Water Sampling in Biscayne Bay with RSMAS
DISCOVERY Vessel M'Powered
September 10, 2021
Professor Chris Landgdon, Ph.D., Charles Groppe, M.S. Candidate
Purpose of Research
The purpose of this study is to monitor the quality of Biscayne Bay as it relates to harmful algal blooms. Due to factors like nutrient levels and dissolved oxygen concentrations being affected by high temperatures, and fuel intense toxic algae growth, it is important to keep an eye out for abnormal values and changes over time.
Duration of Project
May 2021 - September 2021
On September 10th, 2021, The International SeaKeepers Society assisted the Rosenstiel School of Marine and Atmospheric Sciences (RSMAS) in conducting field research in the waters of Biscayne Bay, FL aboard DISCOVERY Vessel M'Powered, a 24' Sailfish center console, owned and operated by SeaKeepers DISCOVERY member, Aaron Goldstein.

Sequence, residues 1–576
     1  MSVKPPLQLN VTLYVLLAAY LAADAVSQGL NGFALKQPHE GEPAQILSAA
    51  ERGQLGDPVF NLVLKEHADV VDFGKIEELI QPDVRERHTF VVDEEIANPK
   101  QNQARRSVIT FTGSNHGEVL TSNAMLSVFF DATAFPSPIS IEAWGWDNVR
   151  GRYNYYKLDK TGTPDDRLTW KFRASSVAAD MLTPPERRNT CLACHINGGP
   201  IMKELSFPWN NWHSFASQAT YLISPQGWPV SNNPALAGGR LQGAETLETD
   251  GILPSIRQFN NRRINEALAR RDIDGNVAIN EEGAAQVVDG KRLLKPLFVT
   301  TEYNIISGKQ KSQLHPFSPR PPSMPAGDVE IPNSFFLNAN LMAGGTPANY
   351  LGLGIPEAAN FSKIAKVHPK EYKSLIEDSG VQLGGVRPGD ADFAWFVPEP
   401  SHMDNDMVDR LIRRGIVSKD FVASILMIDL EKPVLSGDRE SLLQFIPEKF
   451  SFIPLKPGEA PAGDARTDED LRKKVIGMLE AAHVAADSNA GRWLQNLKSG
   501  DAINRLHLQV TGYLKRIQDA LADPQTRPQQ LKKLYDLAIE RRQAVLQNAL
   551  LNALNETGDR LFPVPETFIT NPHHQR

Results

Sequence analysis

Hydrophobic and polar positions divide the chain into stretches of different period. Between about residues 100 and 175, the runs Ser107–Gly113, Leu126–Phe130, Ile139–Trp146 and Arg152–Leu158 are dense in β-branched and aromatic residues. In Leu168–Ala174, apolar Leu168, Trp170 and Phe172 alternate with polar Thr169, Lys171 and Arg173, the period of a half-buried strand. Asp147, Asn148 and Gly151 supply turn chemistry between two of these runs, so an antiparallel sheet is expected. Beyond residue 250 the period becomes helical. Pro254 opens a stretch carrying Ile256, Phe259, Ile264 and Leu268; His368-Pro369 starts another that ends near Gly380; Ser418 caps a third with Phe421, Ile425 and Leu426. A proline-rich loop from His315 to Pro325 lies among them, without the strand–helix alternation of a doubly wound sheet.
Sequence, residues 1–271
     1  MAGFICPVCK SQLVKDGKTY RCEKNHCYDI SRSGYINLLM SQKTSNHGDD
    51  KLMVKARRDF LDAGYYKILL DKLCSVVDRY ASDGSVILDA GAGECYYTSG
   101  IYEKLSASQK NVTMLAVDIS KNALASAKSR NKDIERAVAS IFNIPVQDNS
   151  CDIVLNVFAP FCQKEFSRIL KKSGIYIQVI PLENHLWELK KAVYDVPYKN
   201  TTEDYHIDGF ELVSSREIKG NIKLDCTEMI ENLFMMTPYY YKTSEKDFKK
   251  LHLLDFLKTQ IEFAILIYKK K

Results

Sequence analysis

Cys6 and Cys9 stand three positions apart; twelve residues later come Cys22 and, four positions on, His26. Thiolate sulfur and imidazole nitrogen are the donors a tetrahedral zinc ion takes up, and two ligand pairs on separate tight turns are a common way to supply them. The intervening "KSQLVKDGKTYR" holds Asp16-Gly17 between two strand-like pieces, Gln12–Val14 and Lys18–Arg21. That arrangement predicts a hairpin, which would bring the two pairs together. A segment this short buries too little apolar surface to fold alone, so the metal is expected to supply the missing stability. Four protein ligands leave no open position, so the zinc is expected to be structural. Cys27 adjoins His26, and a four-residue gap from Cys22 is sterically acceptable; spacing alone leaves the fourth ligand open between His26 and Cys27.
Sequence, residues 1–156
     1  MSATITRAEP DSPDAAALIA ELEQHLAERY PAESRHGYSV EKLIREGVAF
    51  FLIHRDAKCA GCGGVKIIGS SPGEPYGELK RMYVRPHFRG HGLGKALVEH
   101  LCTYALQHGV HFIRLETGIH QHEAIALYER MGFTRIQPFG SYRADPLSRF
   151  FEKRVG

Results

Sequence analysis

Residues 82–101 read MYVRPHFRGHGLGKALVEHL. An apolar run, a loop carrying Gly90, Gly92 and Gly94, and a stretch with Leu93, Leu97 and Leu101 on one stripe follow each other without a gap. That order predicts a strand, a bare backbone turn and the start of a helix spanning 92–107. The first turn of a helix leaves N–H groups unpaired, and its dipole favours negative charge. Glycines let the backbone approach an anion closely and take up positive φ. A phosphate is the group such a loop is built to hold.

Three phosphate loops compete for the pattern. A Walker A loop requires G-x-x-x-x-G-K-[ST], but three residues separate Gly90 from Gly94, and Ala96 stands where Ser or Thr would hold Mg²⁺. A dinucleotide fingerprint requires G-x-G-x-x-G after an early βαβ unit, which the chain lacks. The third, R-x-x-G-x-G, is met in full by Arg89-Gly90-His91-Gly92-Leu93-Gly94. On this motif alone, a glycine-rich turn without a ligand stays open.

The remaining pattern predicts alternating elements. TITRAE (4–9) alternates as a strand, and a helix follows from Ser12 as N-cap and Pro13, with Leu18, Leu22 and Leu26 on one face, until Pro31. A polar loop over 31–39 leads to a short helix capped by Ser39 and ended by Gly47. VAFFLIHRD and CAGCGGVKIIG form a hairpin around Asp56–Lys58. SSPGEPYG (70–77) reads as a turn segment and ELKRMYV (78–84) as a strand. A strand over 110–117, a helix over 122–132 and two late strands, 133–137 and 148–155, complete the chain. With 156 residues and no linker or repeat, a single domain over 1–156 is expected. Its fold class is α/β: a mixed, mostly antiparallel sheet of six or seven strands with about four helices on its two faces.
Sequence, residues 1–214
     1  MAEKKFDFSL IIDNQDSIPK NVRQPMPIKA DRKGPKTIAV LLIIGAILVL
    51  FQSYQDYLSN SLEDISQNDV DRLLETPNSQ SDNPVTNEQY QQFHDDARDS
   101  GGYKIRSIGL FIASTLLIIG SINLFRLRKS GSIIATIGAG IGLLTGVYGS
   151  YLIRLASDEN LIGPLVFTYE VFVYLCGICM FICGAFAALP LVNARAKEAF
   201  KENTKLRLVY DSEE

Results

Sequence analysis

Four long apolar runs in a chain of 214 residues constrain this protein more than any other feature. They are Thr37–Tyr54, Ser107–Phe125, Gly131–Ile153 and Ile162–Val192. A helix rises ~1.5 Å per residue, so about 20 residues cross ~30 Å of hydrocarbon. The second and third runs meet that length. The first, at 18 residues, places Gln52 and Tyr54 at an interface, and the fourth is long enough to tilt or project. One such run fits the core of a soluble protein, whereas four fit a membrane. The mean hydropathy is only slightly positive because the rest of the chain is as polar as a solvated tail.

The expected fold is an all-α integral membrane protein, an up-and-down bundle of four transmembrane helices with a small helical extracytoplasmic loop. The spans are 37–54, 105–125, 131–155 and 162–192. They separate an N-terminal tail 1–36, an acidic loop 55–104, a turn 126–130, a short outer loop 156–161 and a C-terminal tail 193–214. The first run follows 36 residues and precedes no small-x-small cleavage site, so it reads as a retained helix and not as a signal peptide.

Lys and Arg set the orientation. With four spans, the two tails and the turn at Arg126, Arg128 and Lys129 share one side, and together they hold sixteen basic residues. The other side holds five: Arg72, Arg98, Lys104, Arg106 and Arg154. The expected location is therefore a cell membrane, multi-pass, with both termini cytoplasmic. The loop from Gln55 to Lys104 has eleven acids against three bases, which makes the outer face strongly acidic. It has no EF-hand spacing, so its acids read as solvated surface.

Last year, SeaKeepers helped Professor Chris Langdon collect various data such as temperature, pH, salinity, nutrients, chlorophyll and dissolved oxygen in response to the fish kill and toxic algal blooms in the Bay. The goal of returning to the Bay this year in May, June, and July was to establish a baseline before August and September when conditions would be the most likely to cause a repeat of the events in 2020. As predicted, a hypoxic fish kill did occur a few days before this outing, and recording data after the fact is important as well.
We were joined by media outlets CBS4 Miami, and the Miami Herald so they could document and report on the science behind this phenomenon. We were also accompanied by Miami Waterkeeper to assist in their patrol of the Bay to assess for any more dead fish in the area. Luckily, this year's event seems to have not been as severe, and all that was spotted were Biscayne Bay's resident bottlenose dolphins.
This research can provide baseline data for the environment and conditions surrounding toxic algal blooms so that they can be anticipated, planned for, and ultimately prevented.
Additionally, Dr. Langdon shares the results of this research with the Intro to Marine Biology class he teaches as well as with high school students in the Summer Scholars Program each summer adding an educational element to this project.
The goal of this expedition was to collect water quality information from various sites around Biscayne Bay to create a full picture of the current state of the Bay's health.